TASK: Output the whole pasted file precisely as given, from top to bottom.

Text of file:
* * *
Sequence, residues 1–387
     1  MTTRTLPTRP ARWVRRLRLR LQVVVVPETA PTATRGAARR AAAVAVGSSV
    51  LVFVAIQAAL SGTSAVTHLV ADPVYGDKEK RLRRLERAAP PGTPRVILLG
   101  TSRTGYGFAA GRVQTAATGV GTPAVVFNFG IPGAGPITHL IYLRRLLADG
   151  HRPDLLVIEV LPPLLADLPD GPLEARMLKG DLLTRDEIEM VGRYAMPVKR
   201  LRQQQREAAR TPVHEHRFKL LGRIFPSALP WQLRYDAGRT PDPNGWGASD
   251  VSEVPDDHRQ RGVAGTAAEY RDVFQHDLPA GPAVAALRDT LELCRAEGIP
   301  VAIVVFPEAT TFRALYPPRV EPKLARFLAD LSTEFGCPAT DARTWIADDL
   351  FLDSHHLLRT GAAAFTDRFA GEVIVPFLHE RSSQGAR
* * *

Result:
Sequence, residues 1–387
     1  MTTRTLPTRP ARWVRRLRLR LQVVVVPETA PTATRGAARR AAAVAVGSSV
    51  LVFVAIQAAL SGTSAVTHLV ADPVYGDKEK RLRRLERAAP PGTPRVILLG
   101  TSRTGYGFAA GRVQTAATGV GTPAVVFNFG IPGAGPITHL IYLRRLLADG
   151  HRPDLLVIEV LPPLLADLPD GPLEARMLKG DLLTRDEIEM VGRYAMPVKR
   201  LRQQQREAAR TPVHEHRFKL LGRIFPSALP WQLRYDAGRT PDPNGWGASD
   251  VSEVPDDHRQ RGVAGTAAEY RDVFQHDLPA GPAVAALRDT LELCRAEGIP
   301  VAIVVFPEAT TFRALYPPRV EPKLARFLAD LSTEFGCPAT DARTWIADDL
   351  FLDSHHLLRT GAAAFTDRFA GEVIVPFLHE RSSQGAR